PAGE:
Pain impacts the lives of about half of American adults in any given year. Surveys show that over the course of the year, about 50 percent of American adults seek help with their pain.1 The statistics are staggering:
- Chronic pain costs the U.S. economy more than $150 billion a year.
- Low back pain (LBP) impacts at least 80 percent of American adults at some point in their lives. Most of the costs, perhaps 80 percent, are incurred by about 20 percent of the LBP patients who then become disabled.2
- Carpal tunnel syndrome impacts 10 percent of the U.S. workforce. Surgery, the common solution, offers mixed results.
- Diabetic neuropathy results in the amputation of thousands of feet each year, with pain being a common complaint. No good solution is available. (In 2006, about 65,700 non-traumatic lower-limb amputations were performed in the U.S. on people with diabetes, according to the American Diabetes Association.)
Pain is a problem. Western medicine, especially since WWII, has focused on two paths to health – chemical and mechanical (drugs and surgery). Even so, the human body has a third path – electrical – that is largely ignored by Western medicine. Microcurrent, used correctly, relieves pain – chronic and acute – without drugs or surgery. Microcurrent has successfully been used for chronic back pain; pain connected with fibromyalgia; pain associated with sports such as shoulder, elbow, foot, tendon and calf pain; the pain of plantar fasciitis and heel spurs; pain associated with neuropathy, especially for diabetics; aches and pains caused by repetitive injuries, such as carpal tunnel syndrome; and pain connected with physical therapy, especially after surgery for knee or hip replacement.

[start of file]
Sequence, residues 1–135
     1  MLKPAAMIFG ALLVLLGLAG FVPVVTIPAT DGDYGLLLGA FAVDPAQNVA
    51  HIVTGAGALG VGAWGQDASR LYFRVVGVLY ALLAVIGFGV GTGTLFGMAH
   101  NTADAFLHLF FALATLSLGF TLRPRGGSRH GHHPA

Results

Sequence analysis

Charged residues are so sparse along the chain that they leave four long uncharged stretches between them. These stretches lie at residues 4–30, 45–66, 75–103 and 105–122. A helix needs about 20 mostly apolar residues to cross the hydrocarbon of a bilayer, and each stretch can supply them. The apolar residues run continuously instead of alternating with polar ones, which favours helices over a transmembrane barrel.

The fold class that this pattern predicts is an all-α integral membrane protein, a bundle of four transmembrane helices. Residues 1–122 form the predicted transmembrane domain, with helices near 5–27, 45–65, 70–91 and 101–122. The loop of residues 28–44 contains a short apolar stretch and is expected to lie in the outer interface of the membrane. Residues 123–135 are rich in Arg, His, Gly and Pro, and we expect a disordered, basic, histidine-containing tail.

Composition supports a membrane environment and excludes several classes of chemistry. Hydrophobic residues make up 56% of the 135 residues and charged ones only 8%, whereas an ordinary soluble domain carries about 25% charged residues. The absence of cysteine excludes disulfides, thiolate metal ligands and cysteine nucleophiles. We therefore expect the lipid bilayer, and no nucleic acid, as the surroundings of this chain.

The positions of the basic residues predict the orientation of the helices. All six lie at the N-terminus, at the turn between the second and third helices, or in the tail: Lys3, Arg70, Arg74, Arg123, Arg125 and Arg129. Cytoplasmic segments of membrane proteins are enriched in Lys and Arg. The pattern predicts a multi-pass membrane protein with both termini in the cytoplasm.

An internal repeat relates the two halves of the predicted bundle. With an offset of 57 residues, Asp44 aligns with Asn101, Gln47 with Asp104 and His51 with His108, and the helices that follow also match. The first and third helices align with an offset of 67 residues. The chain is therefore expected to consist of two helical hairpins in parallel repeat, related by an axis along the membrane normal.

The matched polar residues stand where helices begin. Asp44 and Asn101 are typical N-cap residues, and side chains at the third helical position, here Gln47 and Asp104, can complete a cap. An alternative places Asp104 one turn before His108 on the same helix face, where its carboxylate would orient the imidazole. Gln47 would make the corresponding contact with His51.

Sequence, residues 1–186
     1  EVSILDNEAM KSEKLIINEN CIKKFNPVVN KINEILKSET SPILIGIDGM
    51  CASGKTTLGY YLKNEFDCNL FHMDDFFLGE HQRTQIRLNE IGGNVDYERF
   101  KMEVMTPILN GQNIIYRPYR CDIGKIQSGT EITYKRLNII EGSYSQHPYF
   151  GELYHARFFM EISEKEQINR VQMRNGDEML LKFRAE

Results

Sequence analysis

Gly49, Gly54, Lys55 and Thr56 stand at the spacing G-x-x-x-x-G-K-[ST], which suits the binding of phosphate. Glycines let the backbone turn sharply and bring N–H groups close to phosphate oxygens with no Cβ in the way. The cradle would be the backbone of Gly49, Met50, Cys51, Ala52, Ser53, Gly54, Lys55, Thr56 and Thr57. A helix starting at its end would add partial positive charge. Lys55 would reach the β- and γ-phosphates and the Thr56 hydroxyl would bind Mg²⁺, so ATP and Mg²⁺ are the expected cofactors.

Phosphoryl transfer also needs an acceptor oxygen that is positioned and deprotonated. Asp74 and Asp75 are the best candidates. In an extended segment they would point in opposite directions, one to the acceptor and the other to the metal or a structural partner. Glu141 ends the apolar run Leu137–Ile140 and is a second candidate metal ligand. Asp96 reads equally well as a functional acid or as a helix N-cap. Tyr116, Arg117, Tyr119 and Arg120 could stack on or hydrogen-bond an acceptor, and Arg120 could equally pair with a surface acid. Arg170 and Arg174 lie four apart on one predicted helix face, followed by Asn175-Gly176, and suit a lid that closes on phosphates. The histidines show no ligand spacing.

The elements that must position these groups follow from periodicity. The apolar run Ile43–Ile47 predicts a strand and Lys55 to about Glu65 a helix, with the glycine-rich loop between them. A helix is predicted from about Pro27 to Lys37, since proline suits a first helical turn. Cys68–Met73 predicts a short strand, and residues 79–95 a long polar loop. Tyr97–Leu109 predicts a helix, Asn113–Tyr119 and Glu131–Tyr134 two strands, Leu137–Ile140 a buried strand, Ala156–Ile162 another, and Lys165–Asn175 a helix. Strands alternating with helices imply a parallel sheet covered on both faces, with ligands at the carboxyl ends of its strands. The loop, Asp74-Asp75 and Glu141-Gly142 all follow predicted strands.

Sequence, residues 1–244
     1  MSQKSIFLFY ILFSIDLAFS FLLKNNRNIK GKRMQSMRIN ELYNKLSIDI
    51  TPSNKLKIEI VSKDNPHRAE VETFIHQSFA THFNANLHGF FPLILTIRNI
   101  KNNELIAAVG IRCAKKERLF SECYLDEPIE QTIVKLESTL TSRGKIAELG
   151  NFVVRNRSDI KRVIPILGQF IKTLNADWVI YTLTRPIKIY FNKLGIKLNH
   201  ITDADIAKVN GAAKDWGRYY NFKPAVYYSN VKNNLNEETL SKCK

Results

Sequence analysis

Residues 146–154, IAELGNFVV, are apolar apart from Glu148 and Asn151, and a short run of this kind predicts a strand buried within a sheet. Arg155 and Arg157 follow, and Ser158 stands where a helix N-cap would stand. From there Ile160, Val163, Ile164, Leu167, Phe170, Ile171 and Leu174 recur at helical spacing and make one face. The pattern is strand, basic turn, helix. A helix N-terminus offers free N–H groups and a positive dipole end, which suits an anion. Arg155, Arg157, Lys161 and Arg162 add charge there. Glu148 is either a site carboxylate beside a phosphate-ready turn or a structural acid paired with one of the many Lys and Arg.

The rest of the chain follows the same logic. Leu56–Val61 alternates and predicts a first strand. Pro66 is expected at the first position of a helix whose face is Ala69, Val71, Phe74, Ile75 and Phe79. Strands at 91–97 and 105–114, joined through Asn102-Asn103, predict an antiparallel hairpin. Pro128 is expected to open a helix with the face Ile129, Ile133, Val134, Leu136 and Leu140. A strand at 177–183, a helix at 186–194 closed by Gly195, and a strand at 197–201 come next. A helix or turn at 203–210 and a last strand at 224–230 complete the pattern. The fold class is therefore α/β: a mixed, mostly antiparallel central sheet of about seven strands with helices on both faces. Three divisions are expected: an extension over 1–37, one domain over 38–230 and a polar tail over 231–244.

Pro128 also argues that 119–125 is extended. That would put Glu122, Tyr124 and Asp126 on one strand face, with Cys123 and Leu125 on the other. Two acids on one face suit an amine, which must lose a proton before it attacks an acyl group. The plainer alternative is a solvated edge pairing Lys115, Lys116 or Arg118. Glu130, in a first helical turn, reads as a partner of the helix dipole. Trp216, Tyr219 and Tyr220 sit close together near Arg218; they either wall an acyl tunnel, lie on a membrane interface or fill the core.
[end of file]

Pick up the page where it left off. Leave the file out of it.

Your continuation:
Microcurrent devices are often lumped in with TENS. Microcurrent power, however, is able to reach deeper into the body's tissue to support the body's natural pain-relieving response, unlike TENS, which impact the nerve fibers near the surface of the body. TENS typically work through the "pain block" concept, stimulating nerves in order to overload the brain with signals, thus the brain "ignores" the patient's primary pain complaint.
Because microcurrent works at a different level, using a different type of electrical current to stimulate the body's natural production of pain relievers, the pain signal is more than simply "blocked." By stimulating the body's natural pain-relieving response, pain is managed using the body's own naturally occurring neuropeptides. (One issue with TENS is it often is less effective the longer the patient uses TENS as the patient's body "accommodates" the pain block signal.) Microcurrent, with its different electrical properties, continues to remain effective as long as treatment is needed.
In a 2004 publication, it was reported that in 90 percent of study patients, "other treatment modalities including drug therapy, chiropractic manipulation, physical therapy, naturopathic treatment and acupuncture had failed to produce equivalent benefits. The microcurrent treatment was the single factor contributing the most consistent difference in patient-reported pain relief."3